“My spirit rejoices in God my savior.”
Mary’s reference here to God as her “Savior” implies that she too was a sinner. You don’t need a “Savior” if you are not a sinner. Her statement here is in perfect harmony with Romans 3:23, where it states:
“All have sinned…”
“…For in Your sight no man living is righteous.”
“All we like sheep have gone astray; we have turned, every one, to his own way;”
We have all broken a variety of God’s commandments.
There is also the passage in Luke 2:22-24, where Mary goes to Jerusalem “to offer a sacrifice…a pair of turtledoves or two young pigeons” for her sinful condition (fulfilling the requirement put forth in Leviticus 12). A sacrifice would not have been necessary if she had been sinless. These are just some of the verses that the Catholic Church has overlooked or brushed aside as it has developed its unbiblical view of Mary.
Evangelicals believe the Bible is made up of 66 divinely inspired documents that God determined would make up the canon of Scripture. In 1546 at an event known as the Council of Trent, the Catholic Church added 11 Jewish writings to the Bible known as the “Apocrypha.”
What is the Apocrypha?
The Apocrypha is a collection of fourteen Jewish writings that were written down between 200 B.C. and A.D. 100. Eleven of those fourteen books (see bullet point list below) were accepted by the Catholic Church as God-inspired Scriptures and were placed in the Catholic Bible. If you open a Catholic Bible today you will see the following books in there:
• The Wisdom of Solomon (Book of Wisdom)
• Ecclesiasticus (Sirach)
• 1 Maccabees
• 2 Maccabees
• Baruch (including the Letter of Jeremiah)
• Additions to Esther (10:4-16:24)
• Prayer of Azariah (Daniel 3:24-90)
• Susanna (Daniel 13)
• Bel and the Dragon (Daniel 14)
Not only has the Catholic Church added these books to the Bible, it states:
“If anyone, however, should not accept the said books as sacred and canonical [ i.e. part of the Bible], entire with all their parts…and if both knowingly and deliberately he should condemn the aforesaid tradition let him be anathema.” (Cited in Roman Catholics and Evangelicals: Agreements and Differences, by Geisler and MacKenzie, p. 157.)
Well, that’s precisely what Evangelicals do say. Why? Why do we reject the Apocrypha as authoritative or divinely inspired? Why did the early Christians reject these writings?
1. Neither Jesus nor the New Testament writers ever quoted from the Apocrypha as Scripture.
Though Jesus and the apostles cite the Old Testament nearly 300 times in the pages of the New Testament, they never quote any of the apocryphal books accepted by the Roman Catholic Church.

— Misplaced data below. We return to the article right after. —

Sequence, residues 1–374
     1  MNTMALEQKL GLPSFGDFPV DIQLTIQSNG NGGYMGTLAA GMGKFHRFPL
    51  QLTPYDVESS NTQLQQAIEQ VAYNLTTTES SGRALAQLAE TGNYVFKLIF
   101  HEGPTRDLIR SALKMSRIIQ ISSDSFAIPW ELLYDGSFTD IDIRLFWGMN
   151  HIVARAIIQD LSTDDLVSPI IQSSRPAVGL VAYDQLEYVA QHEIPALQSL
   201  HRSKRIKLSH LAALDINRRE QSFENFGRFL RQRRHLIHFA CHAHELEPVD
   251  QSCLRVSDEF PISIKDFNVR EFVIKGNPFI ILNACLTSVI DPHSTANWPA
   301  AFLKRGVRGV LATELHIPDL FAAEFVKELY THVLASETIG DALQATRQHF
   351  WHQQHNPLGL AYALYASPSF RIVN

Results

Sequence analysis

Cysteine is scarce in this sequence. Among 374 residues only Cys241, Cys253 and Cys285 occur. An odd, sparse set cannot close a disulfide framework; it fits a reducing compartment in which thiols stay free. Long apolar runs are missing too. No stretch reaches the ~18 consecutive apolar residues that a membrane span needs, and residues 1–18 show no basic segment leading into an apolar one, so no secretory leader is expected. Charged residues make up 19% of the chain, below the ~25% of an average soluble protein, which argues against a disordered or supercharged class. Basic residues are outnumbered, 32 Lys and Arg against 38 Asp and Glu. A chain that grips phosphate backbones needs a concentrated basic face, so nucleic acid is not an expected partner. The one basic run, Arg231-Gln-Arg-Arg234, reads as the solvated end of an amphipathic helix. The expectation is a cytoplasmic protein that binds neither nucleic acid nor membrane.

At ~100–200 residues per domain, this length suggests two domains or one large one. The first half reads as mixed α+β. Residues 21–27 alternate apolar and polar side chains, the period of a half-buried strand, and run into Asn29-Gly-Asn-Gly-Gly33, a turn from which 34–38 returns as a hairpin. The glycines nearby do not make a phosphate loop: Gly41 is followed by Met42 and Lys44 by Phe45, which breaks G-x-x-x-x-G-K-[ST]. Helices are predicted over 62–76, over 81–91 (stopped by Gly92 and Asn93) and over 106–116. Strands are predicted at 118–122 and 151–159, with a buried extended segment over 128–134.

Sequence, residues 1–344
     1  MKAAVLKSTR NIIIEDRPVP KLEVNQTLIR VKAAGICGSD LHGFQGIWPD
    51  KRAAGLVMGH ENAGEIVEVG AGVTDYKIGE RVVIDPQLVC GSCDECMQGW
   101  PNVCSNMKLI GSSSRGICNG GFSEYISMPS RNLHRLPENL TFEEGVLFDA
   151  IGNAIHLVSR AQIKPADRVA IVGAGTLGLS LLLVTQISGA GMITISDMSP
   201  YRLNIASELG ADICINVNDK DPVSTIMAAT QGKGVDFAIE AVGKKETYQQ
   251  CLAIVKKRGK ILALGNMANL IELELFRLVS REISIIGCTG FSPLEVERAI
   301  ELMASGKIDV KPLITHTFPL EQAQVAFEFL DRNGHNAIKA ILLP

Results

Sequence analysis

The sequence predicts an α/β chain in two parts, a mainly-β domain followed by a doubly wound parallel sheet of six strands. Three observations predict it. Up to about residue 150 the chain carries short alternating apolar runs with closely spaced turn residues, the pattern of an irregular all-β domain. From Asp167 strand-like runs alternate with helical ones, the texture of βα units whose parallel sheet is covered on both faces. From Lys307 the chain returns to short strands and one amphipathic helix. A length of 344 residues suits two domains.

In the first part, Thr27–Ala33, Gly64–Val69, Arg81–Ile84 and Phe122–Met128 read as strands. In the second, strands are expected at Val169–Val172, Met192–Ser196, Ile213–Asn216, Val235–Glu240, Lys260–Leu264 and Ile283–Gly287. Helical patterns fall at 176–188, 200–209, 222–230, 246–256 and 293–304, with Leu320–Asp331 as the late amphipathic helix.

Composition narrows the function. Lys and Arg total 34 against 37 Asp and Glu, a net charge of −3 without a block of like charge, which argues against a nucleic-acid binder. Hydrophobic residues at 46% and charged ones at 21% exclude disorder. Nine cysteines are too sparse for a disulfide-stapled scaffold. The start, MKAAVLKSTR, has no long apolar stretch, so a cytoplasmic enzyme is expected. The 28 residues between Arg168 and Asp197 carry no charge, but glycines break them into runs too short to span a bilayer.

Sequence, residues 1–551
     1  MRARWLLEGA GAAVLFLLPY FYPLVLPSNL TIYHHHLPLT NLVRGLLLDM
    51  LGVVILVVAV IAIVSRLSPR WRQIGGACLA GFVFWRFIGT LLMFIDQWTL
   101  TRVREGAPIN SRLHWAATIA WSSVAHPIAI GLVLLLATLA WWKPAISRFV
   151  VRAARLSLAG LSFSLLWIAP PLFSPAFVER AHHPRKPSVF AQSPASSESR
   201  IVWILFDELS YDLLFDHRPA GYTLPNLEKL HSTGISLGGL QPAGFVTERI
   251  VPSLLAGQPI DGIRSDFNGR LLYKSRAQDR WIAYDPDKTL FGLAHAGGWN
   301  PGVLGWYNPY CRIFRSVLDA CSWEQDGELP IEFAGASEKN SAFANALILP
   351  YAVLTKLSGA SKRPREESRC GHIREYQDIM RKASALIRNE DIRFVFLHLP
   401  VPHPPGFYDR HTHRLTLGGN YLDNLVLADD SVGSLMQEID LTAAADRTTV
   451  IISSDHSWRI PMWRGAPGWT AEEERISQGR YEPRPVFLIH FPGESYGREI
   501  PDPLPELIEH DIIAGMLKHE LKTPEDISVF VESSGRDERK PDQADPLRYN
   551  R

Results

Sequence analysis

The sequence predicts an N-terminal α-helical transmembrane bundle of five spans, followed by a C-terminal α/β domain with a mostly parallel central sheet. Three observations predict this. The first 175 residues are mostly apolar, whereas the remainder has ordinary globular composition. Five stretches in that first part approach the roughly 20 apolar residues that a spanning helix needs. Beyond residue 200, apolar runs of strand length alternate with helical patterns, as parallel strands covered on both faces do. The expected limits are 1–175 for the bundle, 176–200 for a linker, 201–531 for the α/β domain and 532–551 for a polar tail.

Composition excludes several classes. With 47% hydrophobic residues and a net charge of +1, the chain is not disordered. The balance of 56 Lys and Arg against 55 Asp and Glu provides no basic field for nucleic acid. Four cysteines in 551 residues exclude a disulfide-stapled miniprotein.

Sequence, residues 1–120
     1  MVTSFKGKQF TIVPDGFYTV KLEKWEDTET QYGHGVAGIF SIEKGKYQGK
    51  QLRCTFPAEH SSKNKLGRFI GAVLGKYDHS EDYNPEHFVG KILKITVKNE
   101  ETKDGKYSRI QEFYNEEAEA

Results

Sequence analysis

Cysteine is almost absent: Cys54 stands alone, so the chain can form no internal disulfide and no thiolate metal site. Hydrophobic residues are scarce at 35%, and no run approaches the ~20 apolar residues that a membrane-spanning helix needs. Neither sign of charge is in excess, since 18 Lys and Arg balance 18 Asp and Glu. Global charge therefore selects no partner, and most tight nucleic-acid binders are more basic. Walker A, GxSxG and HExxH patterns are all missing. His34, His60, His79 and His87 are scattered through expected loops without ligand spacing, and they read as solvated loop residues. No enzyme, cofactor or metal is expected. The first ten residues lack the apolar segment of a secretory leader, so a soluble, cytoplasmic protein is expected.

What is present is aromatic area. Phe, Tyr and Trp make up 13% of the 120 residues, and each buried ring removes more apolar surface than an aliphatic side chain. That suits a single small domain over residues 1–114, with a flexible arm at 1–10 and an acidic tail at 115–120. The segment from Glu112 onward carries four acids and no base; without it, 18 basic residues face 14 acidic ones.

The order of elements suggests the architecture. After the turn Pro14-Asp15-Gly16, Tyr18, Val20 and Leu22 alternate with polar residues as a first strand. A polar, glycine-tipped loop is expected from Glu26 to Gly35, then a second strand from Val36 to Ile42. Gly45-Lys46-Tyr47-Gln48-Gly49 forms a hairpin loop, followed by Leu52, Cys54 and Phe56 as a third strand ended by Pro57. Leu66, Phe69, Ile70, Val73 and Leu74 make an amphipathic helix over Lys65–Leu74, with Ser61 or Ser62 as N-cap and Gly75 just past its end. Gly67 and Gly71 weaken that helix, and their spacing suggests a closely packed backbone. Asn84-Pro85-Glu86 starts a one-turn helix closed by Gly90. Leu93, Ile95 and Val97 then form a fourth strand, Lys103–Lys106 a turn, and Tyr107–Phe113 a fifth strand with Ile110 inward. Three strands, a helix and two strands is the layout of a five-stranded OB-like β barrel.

In Jude 1:9, 14-15 there are some allusions to some extrabiblical writings, such as the Book of Enoch (v.14-15) and the Bodily Assumption of Moses. But this doesn’t lend any support to the Catholic position because even they reject those books as non-canonical. And none of these are cited as Scripture or as divinely authoritative. The New Testament simply refers to a truth contained in those books which otherwise may (and do) have many errors. These writings are rejected by Roman Catholics as well as Protestants. Remember that even the apostle Paul quotes pagan poets in Acts 17:28. That didn’t mean they were divinely inspired.
2. The Apocrypha contains numerous historical, geographical, and chronological errors.
For example, the Book of Judith 1:1–11 speaks of Nebuchadnezzar reigning over the Assyrians from the city of Nineveh. This contradicts the facts of history and the Bible. Nebuchadnezzar was the king of Babylon.
The Apocrypha claims that Tobit was alive when the Assyrians conquered Israel in 722 B.C. and also when Jeroboam revolted against Judah in 931 B.C., which would make him at least 209 years old; yet according to the account, he died when he was 158 years.
Click here for additional information on errors in the Apocrypha.
3. The Jews themselves never accepted the Apocrypha as inspired.
The Jewish people—and the leading Jewish teachers of that era—recognized that this collection of Jewish writings did not belong in the Hebrew Bible. The first century Jewish historian, Flavius Josephus, tells us in his writings that the Hebrew Bible was composed of the same books that make up our Old Testament today. Philo, an Alexandrian Jewish teacher, who lived from 20 B.C. to A.D. 40 quoted the Old Testament numerous times from virtually every Old Testament book. And he never once quotes from the Apocrypha.
4. The Apocrypha contains no predictive prophecy to help substantiate its claims.
The Bible over and over substantiates its claim to divine inspiration with hundreds of fulfilled prophecies. In fact, 27% percent of the Bible contains predictive prophecy, and half of them have already been fulfilled (see Every Prophecy of the Bible by John Walvoord).
Unlike the books of the Bible, the Apocrypha contains none.
5. The Apocrypha never claims to be the inspired Word of God.
Unlike the Old Testament books that over and over say things, like “thus says the Lord” or “the word of the LORD came unto him” the Apocrypha never says anything like this.
Since that is the case, it seems unwise to call the authors of the Apocrypha “prophets” or “spokespersons of God,” when that is something that they themselves did not claim to be.
6. The Apocrypha was rejected by many of the leading early church fathers.